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Getting Started in Powerboatingby Bob Armstrong
Synopses & Reviews
Get the most from your new powerboat from day one!
Theres nothing like the thrill of skimming over the waves at the helm of a fast powerboat. And the thrill is even greater when youre driving the boat thats right for you and handling it with skill and confidence. This third edition of Getting Started in Powerboating gives you all the information you need to select the boat of your dreams, maneuver it like a master, and understand the rules and conventions of powerboating.
Thoroughly updated with new developments and technologies, this new edition of the bestselling guide in its field covers all powerboatsbig and small; single-engine, twin-engine, outboard, and sterndrive; trailerable and nontrailerable. Youll discover the difference between a planing hull and a displacement hull, learn to compensate for the effects of wind and current, and master high-speed techniques. Plus this third edition features new photographs that illustrate key techniques and maneuvering sequences, including turning, backing, docking, and more. Must-have information includes:
Getting Started in Powerboating is a friendly beginner's guide that concentrates on what you need to know when you first take the helm. This second edition includes a revised gallery of good powerboats, new material on basic safety, preparations to go offshore, and improved illustrations of tricky maneuvers.
Getting Started in Powerboating covers all powerboats--big and small; single-engine, twin-engine, outboard, and sterndrive; trailerable and non-trailerable; fast planing hulls and slow but seaworthy displacement hulls; and everything in between. It can help you decide what kind of boat is right for you, and it describes fully the characteristic handling and behavior of each type.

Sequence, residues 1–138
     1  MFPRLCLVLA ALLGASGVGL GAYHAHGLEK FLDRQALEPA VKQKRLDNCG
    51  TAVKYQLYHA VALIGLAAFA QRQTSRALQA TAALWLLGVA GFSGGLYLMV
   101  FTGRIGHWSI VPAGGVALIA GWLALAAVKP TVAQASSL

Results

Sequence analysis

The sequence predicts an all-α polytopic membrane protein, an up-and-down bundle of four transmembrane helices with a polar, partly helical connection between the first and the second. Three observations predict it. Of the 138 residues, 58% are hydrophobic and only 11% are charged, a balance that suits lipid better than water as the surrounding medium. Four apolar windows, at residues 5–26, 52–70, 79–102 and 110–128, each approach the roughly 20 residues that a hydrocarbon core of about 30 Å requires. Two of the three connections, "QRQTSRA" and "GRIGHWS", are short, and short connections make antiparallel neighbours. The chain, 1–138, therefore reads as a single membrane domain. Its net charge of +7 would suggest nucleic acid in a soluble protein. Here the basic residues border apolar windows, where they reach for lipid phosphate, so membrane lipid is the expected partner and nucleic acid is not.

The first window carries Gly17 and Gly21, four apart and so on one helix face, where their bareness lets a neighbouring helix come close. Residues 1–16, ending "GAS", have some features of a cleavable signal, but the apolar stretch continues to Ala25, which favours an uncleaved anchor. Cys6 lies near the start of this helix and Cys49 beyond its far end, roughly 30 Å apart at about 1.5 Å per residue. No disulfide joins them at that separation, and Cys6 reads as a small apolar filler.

Bob Armstrong tells you how to dock any boat under any conditions of wind, current, and crowding, and how to leave a slip with a minimum of fuss. He explains how to handle docklines, how to execute close-quarters maneuvers, how to anchor, run inlets, adjust trim for a better ride, and cope with heavy weather. He offers hints for judging the quality of a boat, tips for quick mastery of a boat you've never handled before, and an expert's views on the types of powerboats available--from runabouts to motoryachts to houseboats, jetboats, and catamarans--and what to expect from each.
About the Author
Robert J. Armstrong, a U.S. Coast Guard Licensed Master Mariner, has been a captain since 1962 and a boating journalist and professional yacht deliverer and skipper since the mid-1970s.
Table of Contents
Part 1 Choosing the Right Boat
Chapter 1 No Boat is Right for Everyone
Chapter 2 Displacement Hulls
Chapter 3 Planing Hulls
Chapter 4 Semidisplacement Hulls
Chapter 5 Comparing the Three Hull Types
Chapter 6 Drive Systems
Chapter 7 How to Read Boat Reviews and Tests
Chapter 8 Twenty Questions to Codify Boat Selection
Part 2 The Whys of Powerboat Handling
Chapter 9 Why Boats Don't Behave Like Cars
Chapter 10 The Twin-Screw Advantage
Chapter 11 Transom Power
Chapter 12 The Influence of the Wind
Chapter 13 What Current Does
Part 3 The Hows of Powerboat Handling
Chapter 14 Know Your Boat
Chapter 15 Boathandling in Wind and Current
Chapter 16 Docking a Single-Screw Inboard
Chapter 17 The "Impossible" Moves with a Single-Screw Boat
Chapter 18 Docking a Twin-Screw Inboard
Chapter 19 Docking Transom-Powered Boats
Chapter 20 Using Springlines for Maneuvering
Chapter 21 Using Docklines
Chapter 22 Anchors and Anchoring Techniques
Chapter 23 Inlet Running
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